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Cataract Pamphlets: What You Should Know

The National Eye Institute is one of the world’s leading authorities in ophthalmic treatment and technology. As a non-biased education source, they produce a plethora of pamphlets and flyers for physicians to hand out to patients about the care of their eyes. The NEI’s pamphlet on cataracts, Cataract: What You Should Know, is a patient hand out that describes what cataracts are, how to treat them and how to talk to a doctor about them. To see exactly how well this pamphlet is, I stacked it up against the Suitability Assessment of Materials (SAM) critique, ranking several variable as either superior, adequate or not suitable for patient readability.

Firstly, the title of the pamphlet describes exactly what the reader is to expect from it—what you should know about cataracts. Because of this, the literature starts strong with a “superior” ranking for purpose. The table of contents is simply designed with single word or short phrase titles that direct patients to exactly where they need to go: About Cataracts, Detection, Treatment, What You Can Do. Again, according to the Suitability Assessment, “superior”.

Although the topics individually do not conclude with a summary, the final section of the guide summarizes all of the previous contents and gives patients a list of topics to talk to their ophthalmologists about. The conversation style and voice in which the subject matter is written is clear and concise for patients regardless of their education level and, according to the Fry Readability Formula, the pamphlet is written at a 6th grade level. In my opinion, this is solely because the words “cataract” and “retina” are three syllables each (if they were two syllables instead, the grade level would drop to fifth).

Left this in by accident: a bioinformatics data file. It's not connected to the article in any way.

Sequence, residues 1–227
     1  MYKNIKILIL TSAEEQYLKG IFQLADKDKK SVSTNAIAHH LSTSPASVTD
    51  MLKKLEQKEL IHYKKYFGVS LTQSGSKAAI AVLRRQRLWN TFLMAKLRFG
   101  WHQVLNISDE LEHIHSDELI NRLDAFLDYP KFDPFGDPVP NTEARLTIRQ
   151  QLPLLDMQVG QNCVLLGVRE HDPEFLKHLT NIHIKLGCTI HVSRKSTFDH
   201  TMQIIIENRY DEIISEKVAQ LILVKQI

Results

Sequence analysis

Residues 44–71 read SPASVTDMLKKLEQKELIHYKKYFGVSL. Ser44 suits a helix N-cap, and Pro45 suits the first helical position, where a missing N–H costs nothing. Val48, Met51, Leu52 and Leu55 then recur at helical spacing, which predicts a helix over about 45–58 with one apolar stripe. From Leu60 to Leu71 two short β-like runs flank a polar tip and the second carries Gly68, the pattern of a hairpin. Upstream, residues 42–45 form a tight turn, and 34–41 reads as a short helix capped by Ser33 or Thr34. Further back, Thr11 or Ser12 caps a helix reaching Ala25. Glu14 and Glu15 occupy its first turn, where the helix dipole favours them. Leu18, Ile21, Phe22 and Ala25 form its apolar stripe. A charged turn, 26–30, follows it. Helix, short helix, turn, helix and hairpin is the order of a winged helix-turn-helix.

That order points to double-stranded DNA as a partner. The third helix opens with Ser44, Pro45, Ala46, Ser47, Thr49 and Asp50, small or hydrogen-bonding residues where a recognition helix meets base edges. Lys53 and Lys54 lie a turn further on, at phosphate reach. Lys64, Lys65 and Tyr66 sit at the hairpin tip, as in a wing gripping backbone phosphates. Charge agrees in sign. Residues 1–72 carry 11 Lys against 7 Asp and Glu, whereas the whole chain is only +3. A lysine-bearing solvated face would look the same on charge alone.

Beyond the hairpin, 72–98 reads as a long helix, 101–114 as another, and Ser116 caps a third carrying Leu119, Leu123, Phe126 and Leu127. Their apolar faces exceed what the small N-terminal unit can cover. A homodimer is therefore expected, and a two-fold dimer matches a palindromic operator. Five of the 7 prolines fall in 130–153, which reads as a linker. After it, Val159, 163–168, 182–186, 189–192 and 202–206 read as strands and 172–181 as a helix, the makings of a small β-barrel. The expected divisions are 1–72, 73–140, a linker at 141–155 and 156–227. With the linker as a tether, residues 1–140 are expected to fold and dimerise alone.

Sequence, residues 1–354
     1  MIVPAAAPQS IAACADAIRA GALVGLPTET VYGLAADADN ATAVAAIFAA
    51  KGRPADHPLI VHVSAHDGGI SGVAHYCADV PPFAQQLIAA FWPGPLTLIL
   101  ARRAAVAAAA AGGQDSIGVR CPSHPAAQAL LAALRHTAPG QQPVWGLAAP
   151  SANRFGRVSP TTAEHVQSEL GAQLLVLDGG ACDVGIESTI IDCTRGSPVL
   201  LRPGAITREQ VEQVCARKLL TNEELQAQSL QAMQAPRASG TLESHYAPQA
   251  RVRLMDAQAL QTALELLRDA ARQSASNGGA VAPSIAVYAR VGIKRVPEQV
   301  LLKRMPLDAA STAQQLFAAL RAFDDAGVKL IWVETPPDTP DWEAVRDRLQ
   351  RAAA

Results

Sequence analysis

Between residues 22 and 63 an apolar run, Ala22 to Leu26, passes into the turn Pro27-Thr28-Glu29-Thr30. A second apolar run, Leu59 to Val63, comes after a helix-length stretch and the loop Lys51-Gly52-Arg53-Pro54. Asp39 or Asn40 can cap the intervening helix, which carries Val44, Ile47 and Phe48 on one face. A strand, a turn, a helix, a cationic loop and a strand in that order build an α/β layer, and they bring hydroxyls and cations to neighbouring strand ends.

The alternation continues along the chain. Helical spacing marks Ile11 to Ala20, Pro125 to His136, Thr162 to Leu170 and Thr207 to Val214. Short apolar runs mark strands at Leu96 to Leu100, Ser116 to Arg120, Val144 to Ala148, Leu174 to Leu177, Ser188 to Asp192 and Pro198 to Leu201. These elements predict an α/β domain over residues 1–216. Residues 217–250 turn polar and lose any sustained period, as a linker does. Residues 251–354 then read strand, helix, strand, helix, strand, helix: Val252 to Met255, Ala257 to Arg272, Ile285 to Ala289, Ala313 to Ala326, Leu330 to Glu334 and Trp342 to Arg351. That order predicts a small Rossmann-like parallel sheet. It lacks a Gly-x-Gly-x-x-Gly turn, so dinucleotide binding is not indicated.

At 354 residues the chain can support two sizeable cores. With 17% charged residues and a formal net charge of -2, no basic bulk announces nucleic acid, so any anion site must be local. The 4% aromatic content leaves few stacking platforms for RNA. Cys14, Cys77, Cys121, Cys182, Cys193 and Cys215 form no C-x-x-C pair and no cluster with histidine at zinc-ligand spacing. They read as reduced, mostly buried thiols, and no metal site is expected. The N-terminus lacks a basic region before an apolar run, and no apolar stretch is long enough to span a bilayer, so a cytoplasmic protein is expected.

So far, every component of the SAM outline is “superior”. Readers are given explanations of every word that a person with no knowledge of the eye would could possibly confuse and there are clear road signs at every corner. The pamphlet’s design, from the cover to the typography and graphics are clean and easy to understand. Everything including the diagrams are typed in size 14 font (which is a great call for patients with cataracts who are probably also presbyopic) and they layout helps guide the patient through the literature.

The guide sets out to answer questions for cataract patients and I feel it does just that. The images used include a diverse group of people from many races and the verbiage is inclusive to all. This pamphlet, in every aspect, obtained a “superior” ranking and is a fantastic source for offices to provide to their patients. Written in understandable language with clean design and typeset, this booklet is an excellent example of how to create patient friendly literature. If your office does not print its own patient handout material, I would highly recommend this and other literature produced by the NEI.

National Eye Institute. (2015, September). Cataract: What you should know. US Department of Health and Social Services. Retrieved from https://nei.nih.gov/sites/default/files/health-pdfs/WYSK_Cataract_English_Sept2015_PRINT.pdf

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